The image of the hobbits in the white clothes and the unnaturally long hand coming to cut their throats with the sword is very powerful and very creepy, but one that has not been included in any adaptation as far as I know, and also seldom depicted in any fan art or official art. Only this one by Ted Nasmith comes to mind, and it very well illustrates how strange the whole scene is (including the green light):

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Old 06-27-2022, 04:37 PM   #45
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I have no idea, from a Watsonian perspective, why the Wight would dress three of the Hobbits in white garments, but my mental picture from a Doyleist angle has always associated the regarbed Hobbits as Egyptian in influence: white-garbed in a tomb FEELS very Egyptian, even if it's probably not strictly accurate.

Certainly, the Númenóreans had some Egyptian influences, in their death-obsessed aspects and in their megalithic sculptures, so it's an on-key vibe for the barrow*, even if there's no specific reason for the Wight to take pointers from the Egyptians.

Although, thinking of how the Númenóreans (think of the sails in the incomplete Tal-Elmar story) make black into their most solemn colour, perhaps there is something oppositional about white around death. Now that I think about it, as an open-ended question (and I am too lazy to find a copy of the RotK...), what is Faramir garbed in for the pyre?




*I initially wrote "for the Barrow-downs" and had to correct myself!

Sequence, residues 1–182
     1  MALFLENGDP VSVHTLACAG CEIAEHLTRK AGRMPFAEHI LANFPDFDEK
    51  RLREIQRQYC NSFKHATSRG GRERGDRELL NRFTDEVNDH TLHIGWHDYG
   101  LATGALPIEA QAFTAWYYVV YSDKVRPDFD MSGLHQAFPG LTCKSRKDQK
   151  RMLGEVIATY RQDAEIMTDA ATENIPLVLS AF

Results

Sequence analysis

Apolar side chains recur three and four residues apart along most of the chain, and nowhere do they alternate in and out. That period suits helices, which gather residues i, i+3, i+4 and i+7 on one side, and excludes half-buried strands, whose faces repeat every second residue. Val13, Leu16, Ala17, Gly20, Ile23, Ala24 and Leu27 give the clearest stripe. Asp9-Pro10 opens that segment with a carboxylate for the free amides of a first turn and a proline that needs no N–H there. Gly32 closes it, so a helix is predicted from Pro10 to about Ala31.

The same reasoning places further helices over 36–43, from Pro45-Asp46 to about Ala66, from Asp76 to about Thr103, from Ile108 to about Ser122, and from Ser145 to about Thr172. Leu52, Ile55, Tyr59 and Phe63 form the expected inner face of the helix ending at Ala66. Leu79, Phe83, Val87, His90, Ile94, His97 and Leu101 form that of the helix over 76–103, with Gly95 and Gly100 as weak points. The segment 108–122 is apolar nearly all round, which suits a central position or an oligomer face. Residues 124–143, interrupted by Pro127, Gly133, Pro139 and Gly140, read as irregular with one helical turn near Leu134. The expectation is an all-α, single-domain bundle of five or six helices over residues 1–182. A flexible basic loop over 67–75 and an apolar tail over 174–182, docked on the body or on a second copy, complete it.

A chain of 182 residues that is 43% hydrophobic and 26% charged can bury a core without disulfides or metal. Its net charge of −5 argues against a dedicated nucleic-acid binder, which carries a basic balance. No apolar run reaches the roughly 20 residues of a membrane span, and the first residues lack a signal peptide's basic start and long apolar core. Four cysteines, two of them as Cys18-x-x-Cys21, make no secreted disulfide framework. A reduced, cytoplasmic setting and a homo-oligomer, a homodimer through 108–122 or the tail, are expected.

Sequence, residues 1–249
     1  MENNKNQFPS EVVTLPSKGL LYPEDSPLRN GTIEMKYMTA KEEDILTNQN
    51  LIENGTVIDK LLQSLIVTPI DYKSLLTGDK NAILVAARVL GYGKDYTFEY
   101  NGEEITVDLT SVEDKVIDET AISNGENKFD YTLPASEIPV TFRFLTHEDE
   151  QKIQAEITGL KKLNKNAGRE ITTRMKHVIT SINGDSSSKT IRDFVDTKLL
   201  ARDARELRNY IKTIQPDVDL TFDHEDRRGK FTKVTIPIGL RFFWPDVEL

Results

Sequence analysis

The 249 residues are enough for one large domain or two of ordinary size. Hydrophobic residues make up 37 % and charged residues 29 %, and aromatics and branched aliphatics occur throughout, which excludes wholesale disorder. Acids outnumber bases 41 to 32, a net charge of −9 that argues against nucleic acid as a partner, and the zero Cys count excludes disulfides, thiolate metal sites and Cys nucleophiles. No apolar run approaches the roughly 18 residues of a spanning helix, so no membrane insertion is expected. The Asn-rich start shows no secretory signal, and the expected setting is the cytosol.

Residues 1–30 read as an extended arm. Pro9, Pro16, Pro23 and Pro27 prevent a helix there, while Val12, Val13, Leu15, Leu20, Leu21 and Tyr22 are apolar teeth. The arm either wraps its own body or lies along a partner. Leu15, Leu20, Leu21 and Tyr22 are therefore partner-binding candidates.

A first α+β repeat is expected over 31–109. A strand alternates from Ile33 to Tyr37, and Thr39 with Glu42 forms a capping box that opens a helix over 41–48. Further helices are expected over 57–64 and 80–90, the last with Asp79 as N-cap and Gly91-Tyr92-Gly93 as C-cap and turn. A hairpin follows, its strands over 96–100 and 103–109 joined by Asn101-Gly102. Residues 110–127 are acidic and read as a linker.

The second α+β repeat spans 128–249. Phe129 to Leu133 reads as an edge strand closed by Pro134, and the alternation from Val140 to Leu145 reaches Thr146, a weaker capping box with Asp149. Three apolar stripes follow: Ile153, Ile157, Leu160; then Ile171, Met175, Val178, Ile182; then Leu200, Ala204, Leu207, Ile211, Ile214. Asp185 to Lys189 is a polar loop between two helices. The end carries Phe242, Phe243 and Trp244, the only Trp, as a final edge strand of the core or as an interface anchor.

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Old 07-02-2022, 05:01 PM   #46
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Although, thinking of how the Númenóreans (think of the sails in the incomplete Tal-Elmar story) make black into their most solemn colour, perhaps there is something oppositional about white around death. Now that I think about it, as an open-ended question (and I am too lazy to find a copy of the RotK...), what is Faramir garbed in for the pyre?
The sails of the Corsairs of Umbar were black, who did have a connection with the Black Númenóreans.

I don't think the color of Faramir (or Denethor's) clothing was recorded, just that both lay under the same covering. I took that to mean each wore what they already had on.

There is apparently some ceremonial aspect to the "sacrifice" prepared by the Barrow-wight. I still think that his incantation to Sauron is not insignificant, and that white, which, according to Aragorn, Sauron did not use, was perhaps symbolic. The hobbits were to die wearing the color of Sauron's opposite, meaning that the White itself would one day perish. That would complement the incantation, which suggests that dark day when Sauron would be master of all Middle-earth.